TORONTO – With Atlanta United lifting the MLS Cup last weekend, the 2018 season is finally done and dusted.
The holidays approach, the days tick down to the New Year, and another season full of promise is on the horizon. February will be here sooner than it feels.
After a magical, treble-winning 2017, this past year was a strange one for Toronto FC, ranging from the highs of the Concacaf Champions League run in the spring to the lows of missing out on the MLS Cup Playoffs months later.
For TFC, the aim in 2019 is plain.
“Back to the playoffs, back to a winning record, back amongst the top teams in MLS,” said Club President Bill Manning at the end-of-season press conference. “That's where we need to go. Where we plan to be.
“The expectation for this team is that we're always going to be a contender for championships.”
Veteran defender Drew Moor summed up the mood as the team broke for the offseason: “Things need to be better in 2019.”
“This club, as it should, sets very lofty goals for itself, with the players they bring in, the facilities we have, the fanbase we have and the aspirations we have,” explained Moor. “2018... it's crazy because we're a penalty shootout away from being the first MLS side to win the Champions League, we win the Canadian Championship, but it still feels like a season where we didn't do enough. Everybody feels that way.”
“And that's a good thing,” continued Moor. “We're never satisfied. Even last year, we never felt satisfied regardless of wins, trophies. A hard reset is a good thing for this club. Everybody needs to be sure they rededicate themselves, they look in the mirror, and be sure that they come in here every day, putting everything you have into TFC.”
Disappointment contains the seeds of progress, should one be brave enough to confront those lessons.
“The most important thing about this year is using it to learn and not just say, 'This was a tough year; we'll come back swinging,'” said Toronto FC Sr. Vice-President, Soccer Operations & General Manager Tim Bezbatchenko. “That's not what we're doing. We're looking at everything we did, trying to learn from it, understanding and appreciating those mistakes.”
Toronto already plans to instil that knowledge into their approach to preseason and it was announced that they would be in Nevada on February 2 to face Las Vegas Lights FC.
“It's very important that we're all able to learn from this, look at each other, look at ourselves, understand what has to get tweaked to make sure that we're back in a real strong way next year,” stressed TFC captain Michael Bradley. “You can't have the six months that we had and just think that everybody is going to go their separate ways for an offseason, sweep it under the rug, and from day one next year, everything is right again.”
“This is an important stretch for the club across the board,” added Bradley. “There are some big and important decisions to be made, some real honest conversations to be had.”
Having reached the pinnacle the season before, repeating becomes ever more difficult. The goal, having been reached, moves farther away. There are pitfalls to not recognizing that, to not bracing for that challenge.
“After we won last year, we were more relaxed. This can happen,” said Sebastian Giovinco. “We need to make sure next year it doesn't.”
Greg Vanney's side has found themselves in a similar situation before: disappointed in the 2016 MLS Cup defeat, they redoubled their efforts the following season.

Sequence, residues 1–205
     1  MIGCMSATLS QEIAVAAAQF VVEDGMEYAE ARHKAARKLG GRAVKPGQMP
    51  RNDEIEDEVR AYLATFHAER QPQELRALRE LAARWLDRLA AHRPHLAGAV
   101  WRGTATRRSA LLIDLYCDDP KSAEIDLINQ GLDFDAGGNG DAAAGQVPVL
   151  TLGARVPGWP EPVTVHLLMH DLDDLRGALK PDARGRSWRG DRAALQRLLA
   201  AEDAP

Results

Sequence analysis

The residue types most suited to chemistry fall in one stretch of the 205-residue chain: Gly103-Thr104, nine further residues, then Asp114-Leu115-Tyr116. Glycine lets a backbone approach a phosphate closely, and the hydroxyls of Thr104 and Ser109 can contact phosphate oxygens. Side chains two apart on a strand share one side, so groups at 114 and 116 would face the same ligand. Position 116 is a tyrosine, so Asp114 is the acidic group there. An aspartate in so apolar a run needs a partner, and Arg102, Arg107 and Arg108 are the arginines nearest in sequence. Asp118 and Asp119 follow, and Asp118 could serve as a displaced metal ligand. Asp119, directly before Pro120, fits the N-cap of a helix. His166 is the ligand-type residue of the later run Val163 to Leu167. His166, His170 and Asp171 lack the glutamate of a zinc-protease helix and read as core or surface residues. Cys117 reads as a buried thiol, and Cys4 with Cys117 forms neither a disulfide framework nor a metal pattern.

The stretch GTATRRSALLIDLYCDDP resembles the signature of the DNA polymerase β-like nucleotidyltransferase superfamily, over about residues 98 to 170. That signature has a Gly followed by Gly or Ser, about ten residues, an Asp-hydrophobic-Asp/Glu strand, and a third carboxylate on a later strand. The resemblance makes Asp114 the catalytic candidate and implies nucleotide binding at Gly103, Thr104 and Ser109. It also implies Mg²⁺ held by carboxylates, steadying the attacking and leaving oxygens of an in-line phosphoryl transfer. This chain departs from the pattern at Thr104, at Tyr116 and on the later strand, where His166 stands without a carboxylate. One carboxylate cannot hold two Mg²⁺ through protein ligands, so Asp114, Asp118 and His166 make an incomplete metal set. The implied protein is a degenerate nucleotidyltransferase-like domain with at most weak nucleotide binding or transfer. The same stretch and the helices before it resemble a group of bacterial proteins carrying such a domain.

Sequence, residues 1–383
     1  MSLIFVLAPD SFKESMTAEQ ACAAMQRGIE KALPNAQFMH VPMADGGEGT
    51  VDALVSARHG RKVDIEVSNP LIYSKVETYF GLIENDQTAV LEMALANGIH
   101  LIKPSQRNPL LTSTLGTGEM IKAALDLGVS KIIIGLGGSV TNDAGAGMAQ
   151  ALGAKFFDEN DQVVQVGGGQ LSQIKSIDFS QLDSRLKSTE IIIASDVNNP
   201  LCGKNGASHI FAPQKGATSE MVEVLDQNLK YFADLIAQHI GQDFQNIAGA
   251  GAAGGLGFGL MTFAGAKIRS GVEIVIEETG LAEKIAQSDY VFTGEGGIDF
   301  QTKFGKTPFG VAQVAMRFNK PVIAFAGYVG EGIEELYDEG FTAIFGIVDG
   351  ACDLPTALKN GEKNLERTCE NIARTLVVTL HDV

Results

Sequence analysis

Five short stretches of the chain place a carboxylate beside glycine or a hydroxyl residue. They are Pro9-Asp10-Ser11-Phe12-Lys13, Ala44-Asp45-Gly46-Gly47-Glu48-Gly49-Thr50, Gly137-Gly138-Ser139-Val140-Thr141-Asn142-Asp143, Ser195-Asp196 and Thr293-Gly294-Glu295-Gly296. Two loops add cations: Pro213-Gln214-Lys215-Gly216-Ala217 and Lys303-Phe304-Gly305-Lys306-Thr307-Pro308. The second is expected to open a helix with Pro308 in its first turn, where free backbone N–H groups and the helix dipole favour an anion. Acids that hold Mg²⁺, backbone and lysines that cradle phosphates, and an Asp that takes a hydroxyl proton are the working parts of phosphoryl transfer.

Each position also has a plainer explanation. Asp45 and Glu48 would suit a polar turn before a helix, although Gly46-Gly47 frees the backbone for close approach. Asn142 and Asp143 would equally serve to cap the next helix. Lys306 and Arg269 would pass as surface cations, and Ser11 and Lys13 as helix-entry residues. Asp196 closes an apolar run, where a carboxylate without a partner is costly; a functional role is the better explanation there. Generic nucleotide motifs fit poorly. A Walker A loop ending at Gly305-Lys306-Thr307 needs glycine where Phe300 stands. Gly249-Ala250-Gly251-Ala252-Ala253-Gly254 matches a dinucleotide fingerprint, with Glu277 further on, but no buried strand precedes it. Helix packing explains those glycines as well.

“We're in the same position as we were just a year ago: we have to prove everybody wrong,” emphasized Jonathan Osorio. “Everybody [is saying], 'This is the end of an era.'”
“That's not it. I don't believe that's it,” continued Osorio. “We have to come back with that mentality of redemption; be relentless to show we're a top team. Come with this hunger, this eagerness to prove everybody wrong.”
Jason Hernandez put 2018 into context.
“I played for twelve seasons before coming here and maybe competed for a trophy two times,” began Hernandez. “While wearing a TFC jersey, I was competing for five trophies and we won four of them.”
“In the last two years, Toronto FC was slated as a finalist six times; we were two penalty kick shootouts away from having a Champions League trophy and another MLS Cup. There are players, clubs who don't get anywhere near that, in the last five years, the last 10 years,” continued Hernandez. “To think that we've packed that into two years. There are a lot of clubs who would bend over backwards for these last two years. Very happy overall, but obviously disappointed at the moment.”
Having burned through successive brief offseasons, with back-to-back MLS Cup appearances and last season's early Champions League start, for the first time since 2015-16, TFC will have a proper break. Not that that sits well with anyone.
Another early Concacaf start, against Panamanian side CA Independiente de La Chorrera, awaits. Toronto are eager for those matches to come around.
“It's going to be good to have some time off,” said Victor Vazquez. “For me, it's going to be too long, but it is what it is, we have to take it. I'm going to work hard, come back as strong as possible to help the team. I really look forward to it. I want to win Concacaf, it's the first trophy [up for grabs].”
The story doesn't end with being knocked down.
“I like to think we will look back on this season, have learned a lot of lessons, and it then becomes a blip on a franchise that can win another MLS Cup,” foresaw Manning. “We had a great run for two-and-a-half years. Hopefully, two-and-a-half years from now, we say we've had a great five-year run with a little deviation along the way.”